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Hidden Frame Damage in Thousands of used Cars
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What is the most important safety feature in your car?

It’s not the air bags. It’s not the ABS brakes. It’s the car frame.

In modern cars and other vehicles, the frame is a highly engineered crash-absorption component that can help to protect you and your family in a collision by dispersing impact forces more predictably. Every year, hundreds of thousands of used vehicles with hidden frame damage to that very component are bought and sold, usually for one of two reasons:
1. Typical visual frame inspection procedures for new or pre owned vehicles used by even the most reputable car dealers can actually fail to detect hidden auto frame damage from a common collision.

2. Unscrupulous individuals are "passing off" a salvaged car that has been totalled and refurbished, but not repaired correctly or to vehicle safety specifications.

How Frames React In Collisions
Safety engineering has made incredible leaps in the past few decades of automotive design. Frame structure and manufacturing has played a significant role in many of these automotive advances.

Just as the highly technical design of an Indy race car keeps its driver alive in an otherwise horrendous crash, the design and integrity of a frame dictates how a passenger car or truck "behaves" in a collision. Crumple zones are precisely engineered to absorb impact and protect you and your family. Air bag deployment is also affected by frame design.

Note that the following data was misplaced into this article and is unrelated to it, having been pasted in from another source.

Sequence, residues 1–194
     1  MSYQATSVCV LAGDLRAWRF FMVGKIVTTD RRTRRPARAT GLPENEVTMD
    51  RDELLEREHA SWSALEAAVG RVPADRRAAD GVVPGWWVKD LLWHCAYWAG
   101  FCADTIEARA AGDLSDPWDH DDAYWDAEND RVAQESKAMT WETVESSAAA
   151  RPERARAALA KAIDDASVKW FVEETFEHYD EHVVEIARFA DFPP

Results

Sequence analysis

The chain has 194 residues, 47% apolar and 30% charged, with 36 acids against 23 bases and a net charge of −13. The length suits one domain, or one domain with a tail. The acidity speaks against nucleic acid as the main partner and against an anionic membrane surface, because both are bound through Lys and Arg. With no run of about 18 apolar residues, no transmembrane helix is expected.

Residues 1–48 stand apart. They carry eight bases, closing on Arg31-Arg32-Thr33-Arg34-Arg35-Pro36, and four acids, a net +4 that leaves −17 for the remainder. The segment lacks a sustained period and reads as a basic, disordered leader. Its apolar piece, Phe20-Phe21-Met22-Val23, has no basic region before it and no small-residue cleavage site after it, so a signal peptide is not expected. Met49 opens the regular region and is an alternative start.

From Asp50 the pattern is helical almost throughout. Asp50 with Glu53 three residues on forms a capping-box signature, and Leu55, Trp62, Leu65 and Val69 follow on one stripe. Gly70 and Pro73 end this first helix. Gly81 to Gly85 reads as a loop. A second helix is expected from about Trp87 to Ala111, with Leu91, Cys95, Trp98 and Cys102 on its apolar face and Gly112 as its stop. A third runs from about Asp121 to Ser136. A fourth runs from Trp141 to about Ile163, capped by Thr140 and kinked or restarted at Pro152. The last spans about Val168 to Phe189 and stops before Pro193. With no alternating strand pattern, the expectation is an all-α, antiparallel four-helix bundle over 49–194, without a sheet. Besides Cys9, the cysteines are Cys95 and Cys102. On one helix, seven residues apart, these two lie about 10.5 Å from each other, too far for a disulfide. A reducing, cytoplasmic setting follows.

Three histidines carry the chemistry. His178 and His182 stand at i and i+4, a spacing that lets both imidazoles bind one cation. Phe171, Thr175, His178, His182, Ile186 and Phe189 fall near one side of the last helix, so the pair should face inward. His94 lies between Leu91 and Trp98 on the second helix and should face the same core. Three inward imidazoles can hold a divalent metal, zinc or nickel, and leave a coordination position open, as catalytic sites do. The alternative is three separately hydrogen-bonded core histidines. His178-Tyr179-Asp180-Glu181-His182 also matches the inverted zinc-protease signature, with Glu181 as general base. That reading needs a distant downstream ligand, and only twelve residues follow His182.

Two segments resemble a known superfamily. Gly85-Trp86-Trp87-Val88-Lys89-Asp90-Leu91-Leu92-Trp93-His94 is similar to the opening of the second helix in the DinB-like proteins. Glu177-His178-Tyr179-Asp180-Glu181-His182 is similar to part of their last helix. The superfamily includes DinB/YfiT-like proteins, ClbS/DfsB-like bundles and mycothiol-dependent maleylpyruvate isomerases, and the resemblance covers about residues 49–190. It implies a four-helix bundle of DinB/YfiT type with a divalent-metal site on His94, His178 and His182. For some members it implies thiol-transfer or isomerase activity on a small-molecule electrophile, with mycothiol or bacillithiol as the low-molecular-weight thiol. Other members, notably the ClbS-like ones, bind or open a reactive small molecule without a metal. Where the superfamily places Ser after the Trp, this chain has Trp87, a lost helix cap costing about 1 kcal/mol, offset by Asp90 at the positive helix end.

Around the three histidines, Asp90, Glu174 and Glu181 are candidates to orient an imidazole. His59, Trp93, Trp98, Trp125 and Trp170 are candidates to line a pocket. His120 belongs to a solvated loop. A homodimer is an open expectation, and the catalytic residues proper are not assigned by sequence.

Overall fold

For every vehicle, the manufacturer has developed the ideal behavior characteristics of the frame seen in automobile crash tests. Auto frame damage can compromise your vehicle safety even in a minor rear-end collision by changing your car's alignment, crumple zones or air bag deployment.

  Impact Damage
  When your car is in a collision, its frame can become damaged in two ways. First, the accident can result in direct damage to the frame, which appears at the location of impact. For instance, as you might expect in a rear-end collision, the rearmost sections of your vehicle frame may be damaged.
  But, just as importantly, the very same accident can result in what is called indirect damage to the frame and body, which appears away from the area of impact. Think of indirect damage as the accident's "ripple effect" through your vehicle.

Since much of this "ripple effect" damage happens far from the point of collision impact, a vehicle that to the naked eye appears to be repaired fully can still have a significantly compromised frame structure that can endanger vehicle occupants in future accidents.

The surest way to assess the condition of a frame's indirect damage is to have the frame inspected at an authorized AutoScan Inspection Center or a local body shop that uses computerized laser measuring systems.